Planning for success: Oregon

When the transitive property starts getting thrown around in sports, ridiculousness can ensue.

Eastern Washington beat Oregon State, which beat Utah. Therefore, the mighty Eagles would beat Utah, so it says. Now, maybe that's true, maybe it isn't, but the elementary logic used to reach that conclusion is by no means definitive.

Taking it further: Utah beat Stanford, which beat Oregon. Therefore?

Therefore nothing, really, except: "I guess psychologically that could be a little bit of a positive," Utah coach Kyle Whittingham said Tuesday in advance of Saturday's trip to Autzen Stadium to play No. 6 Oregon.

Utah's 27-21 win over Stanford last month gives credibility to a team that might not have it otherwise. For Oregon coach Mark Helfrich, that game overshadows the fact that it is the Utes' only conference win.

"We need to know nothing more than they beat Stanford and did a great job in that game," Helfrich said.

Since then, Utah has dropped three straight, matching the second-longest losing streak in Whittingham's tenure.

"We've been able to stand toe to toe with the best teams in the Pac-12, but nobody cares about being close," Whittingham said. "Obviously Stanford was a big win, but we've struggled a little bit since then."

A date with Oregon doesn't figure to help right the ship, especially as the Ducks look to bounce back following their crushing loss to Stanford last week. Oregon hasn't lost consecutive games during a season since 2007, when Chip Kelly was in his first year as the school's offensive coordinator. In the two previous seasons, Oregon has responded to its three losses with wins by an average of 33.7 points.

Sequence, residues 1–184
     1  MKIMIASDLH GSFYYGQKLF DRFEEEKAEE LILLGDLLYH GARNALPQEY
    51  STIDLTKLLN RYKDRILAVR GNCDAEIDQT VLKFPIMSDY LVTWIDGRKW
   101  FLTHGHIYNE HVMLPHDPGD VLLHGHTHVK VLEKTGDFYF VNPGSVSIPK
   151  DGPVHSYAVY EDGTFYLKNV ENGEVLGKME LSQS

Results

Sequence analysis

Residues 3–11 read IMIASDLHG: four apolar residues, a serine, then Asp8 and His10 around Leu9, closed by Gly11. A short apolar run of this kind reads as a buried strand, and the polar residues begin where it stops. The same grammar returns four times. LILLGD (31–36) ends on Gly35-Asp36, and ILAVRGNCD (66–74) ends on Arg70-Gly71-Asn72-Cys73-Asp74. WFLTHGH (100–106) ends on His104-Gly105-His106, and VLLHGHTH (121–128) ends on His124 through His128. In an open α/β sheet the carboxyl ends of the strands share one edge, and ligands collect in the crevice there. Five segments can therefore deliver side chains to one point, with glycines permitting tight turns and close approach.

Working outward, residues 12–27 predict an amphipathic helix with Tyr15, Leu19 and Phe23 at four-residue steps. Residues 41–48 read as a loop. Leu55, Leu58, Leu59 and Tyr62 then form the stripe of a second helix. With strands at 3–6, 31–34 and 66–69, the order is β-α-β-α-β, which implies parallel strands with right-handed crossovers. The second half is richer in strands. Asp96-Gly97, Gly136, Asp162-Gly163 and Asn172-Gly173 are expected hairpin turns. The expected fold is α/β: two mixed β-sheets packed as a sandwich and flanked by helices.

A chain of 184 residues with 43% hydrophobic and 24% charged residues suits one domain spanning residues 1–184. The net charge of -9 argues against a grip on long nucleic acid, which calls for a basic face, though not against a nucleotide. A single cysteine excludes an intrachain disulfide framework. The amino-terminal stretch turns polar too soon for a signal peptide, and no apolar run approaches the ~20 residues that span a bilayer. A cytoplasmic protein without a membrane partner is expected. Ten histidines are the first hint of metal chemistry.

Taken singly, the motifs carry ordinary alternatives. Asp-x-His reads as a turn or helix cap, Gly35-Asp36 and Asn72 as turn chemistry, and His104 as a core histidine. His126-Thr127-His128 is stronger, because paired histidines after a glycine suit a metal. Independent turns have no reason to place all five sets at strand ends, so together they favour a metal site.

Other than the extra prep time due to last week's Thursday game, Helfrich said it's been business as usual in Eugene.

"Just like in a win, you evaluate, hey why did this work? Why did this not work?" he said. "Maybe it was luck, maybe it was scheme, maybe it was our execution? How can we coach this better?"

The only major change Helfrich made public was the fact that the platoon at kicker between senior Alejandro Maldonado and true freshman Matt Wogan is over. Wogan handled all the place-kicking duties against Stanford and will continue to do so moving forward.

Wogan connected on his only field-goal attempt of the season, a 38-yarder against Tennessee, and has been good on 30-of-31 extra points. Maldonado was 3-for-5 on field goals and 29-of-30 on extra points but admitted publicly he's struggled with confidence.

“It comes down to nothing more, nothing less, than we think [Wogan] gives us the best chance to make a kick," Helfrich said. “He’s done a better job."